Independent Optical Practice Risk Assessment Guide

As we all know, risk assessments are a legal necessity – and, if you employ five or more people, they must be documented. So, how do you make sure yours are done correctly to pass a Health & Safety inspection and keep everyone in your practice safe?

It’s easy – just follow these five, simple steps:

1.Identify the hazards

When identifying hazards, don’t just rely on your own knowledge, because you can’t be in multiple places at once. Speak to employees and anyone else who directly carries out work for you and ask them what hazards they come across on a day-to-day basis. SightCare can help you with the most common hazards for your activities so you can do this quickly and accurately. You should also look back at all your accident book for hazard trends.

You might find it easiest and simplest to work with a Health & Safety professional who can give you 24/7 advice on your risk assessments and SightCare can recommend its HR & Health & Safety partner Citation if requested.

2. Assess who’s at risk

It may seem obvious, but this step isn’t always done right. Make sure you include everyone that could be affected by the hazard. For example, a tree surgeon is at risk of harm when carrying out their job, but so are the general  public if the trees are being cut down in a public park

3. Evaluate the risk

Once you’ve got your list of hazards together, it’s time to put them in priority order by looking at how likely the hazards are to happen and if they were to happen, how much harm they could cause.

For example, if you’ve got stairs or steps in your practice with no handrail, a patient or an employee could slip or trip while entering or within your practice. So this would be a high priority and you’d need to put in some immediate control pleasures in place to prevent it.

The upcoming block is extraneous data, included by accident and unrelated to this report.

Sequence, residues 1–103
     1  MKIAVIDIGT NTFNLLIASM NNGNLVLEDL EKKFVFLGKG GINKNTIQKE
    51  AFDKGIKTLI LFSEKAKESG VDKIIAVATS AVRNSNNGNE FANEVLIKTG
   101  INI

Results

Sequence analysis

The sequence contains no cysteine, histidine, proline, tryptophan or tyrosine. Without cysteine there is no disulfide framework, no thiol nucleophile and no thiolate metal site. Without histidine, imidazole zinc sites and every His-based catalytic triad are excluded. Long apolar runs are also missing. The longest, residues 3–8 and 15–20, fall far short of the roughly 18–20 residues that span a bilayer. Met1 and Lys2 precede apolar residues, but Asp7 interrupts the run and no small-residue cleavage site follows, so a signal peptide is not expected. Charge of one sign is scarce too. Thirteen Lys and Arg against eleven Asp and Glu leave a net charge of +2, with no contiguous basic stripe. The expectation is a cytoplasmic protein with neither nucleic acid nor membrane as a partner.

As well as putting your hazards in priority order and making sure the right control measures are in place, you should revisit your current hazards to check they still apply to your business. If they do and are still deemed as ‘high priority’, can you change the process of managing them so they’re less of a risk?

4.Record your findings

 This is what an HSE inspector will ask to see when they visit your practice – proof you’ve actually carried out a risk assessment. The document itself should include everything outlined in steps one, two, and three and if you’re still unsure about what to include or how the document should look, you can speak to SightCare, or if using the services of Citation, for guidance.

Attention: most common workplace risks

  1. Slips, trips or falls on the same level
  2. Handling/lifting/carrying
  3. Struck by an object
  4. Falls from a height
  5. Acts of violence
  6. Display screen equipment

5.Review, review, review

Your risk assessments are living documents and change with the business, so they’ll need revisiting on a routine basis. There’s also some specific times you should revisit them, including:

  • A change in occupancy in the business
  • New equipment or services introduced
  • Changes to Health & Safety legislation
  • Structural change to yours or a neighbouring Premises
  • Changes that are outside of your control but affect your business – e.g. pandemics or extreme weather

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